Labor cancels primaries for list

Former IDF deputy chief pushing for Barak.

June 24, 2019 04:12
2 minute read.
Labor cancels primaries for list

Labor leader Avi Gabbay addresses his constituents. (photo credit: MARC ISRAEL SELLEM/THE JERUSALEM POST)


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No major party in Israel will be electing a new Knesset list after Labor decided on Sunday to cancel its primary and keep the same slate for the September 17 election.

The party will still hold a leadership race on July 2 to replace Avi Gabbay, in which MKs Amir Peretz, Stav Shaffir and Itzik Shmuli are running.

The convention took place at Expo Tel Aviv amid reports that former prime minister Ehud Barak is trying to woo former Labor MKs and candidates to join a party he is considering forming. Barak has spoken to former MK Ayelet Nahmias-Verbin and to Yair Fink – who is No. 10 on the Labor list – among others.

Former deputy IDF chief of staff Yair Golan is partnering with Barak and turning to well-known figures on his behalf. Barak has also tried to woo veteran strategist Lior Chorev.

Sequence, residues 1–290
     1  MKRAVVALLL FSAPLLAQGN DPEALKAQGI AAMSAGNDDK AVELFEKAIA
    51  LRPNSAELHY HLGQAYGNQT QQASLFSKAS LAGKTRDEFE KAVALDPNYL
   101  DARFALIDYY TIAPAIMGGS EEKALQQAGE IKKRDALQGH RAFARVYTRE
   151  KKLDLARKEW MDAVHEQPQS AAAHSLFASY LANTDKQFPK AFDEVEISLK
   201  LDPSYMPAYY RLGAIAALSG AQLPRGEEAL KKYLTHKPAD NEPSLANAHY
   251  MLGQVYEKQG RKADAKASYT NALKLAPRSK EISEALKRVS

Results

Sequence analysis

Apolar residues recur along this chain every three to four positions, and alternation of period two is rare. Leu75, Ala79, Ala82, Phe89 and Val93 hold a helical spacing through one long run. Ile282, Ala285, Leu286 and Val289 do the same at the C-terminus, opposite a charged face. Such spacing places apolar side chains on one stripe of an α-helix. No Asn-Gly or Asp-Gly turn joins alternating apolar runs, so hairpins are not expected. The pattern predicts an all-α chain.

Gabbay lamented at the convention that people like Barak and Golan do not want to join Labor, and blamed it on the party’s bureaucracy.

The outgoing Labor leader was greeted by a mix of applause and hecklers who called upon him to quit the Knesset immediately and “go home.” Gabbay received praise from Peretz, who said that he would be remembered fondly in retrospect.

Gabbay was remembered less fondly in the speech of Shaffir and Shmuli, who said the state of the party after he led it to six seats in the April 9 election was dire.

“We are on the edge of a cliff and we will soon find out if we unite or fall off and die,” Shmuli said. “Out of these ruins, we must raise our heads and begin our work anew. It will take time, and we will need new adrenaline. We might have been given our last chance to save ourselves and restart with new life.”

Shmuli called on Shaffir to quit the race and endorse him after eight years of animosity between the two leaders of the 2011 socioeconomic protests, in which they barely exchanged words.

“We see the same [poll] numbers,” Shmuli said. “You know the situation. Let’s learn from the mistakes of the past.”

Shaffir rejected Shmuli’s call and vowed to stay in the race until the end. She said he spoke differently when they met recently, and she asked him to cooperate with her.

“It’s been years since our party planned anything of any significance except for the annual memorial rally for Yitzhak Rabin,” Shaffir lamented in her speech to the crowd. “We have become a shell of a party. The time has come for us to stop looking for compliments from the Right and win.”

The crowd was divided between supporters of Peretz, who wore red caps and shirts bearing his trademark mustache and the slogan “Amir now”; backers of Shaffir, wearing orange shirts and wigs reminiscent of her hair color; and those in favor of Shmuli, who wore black shirts that said: “This is how I want Labor.”

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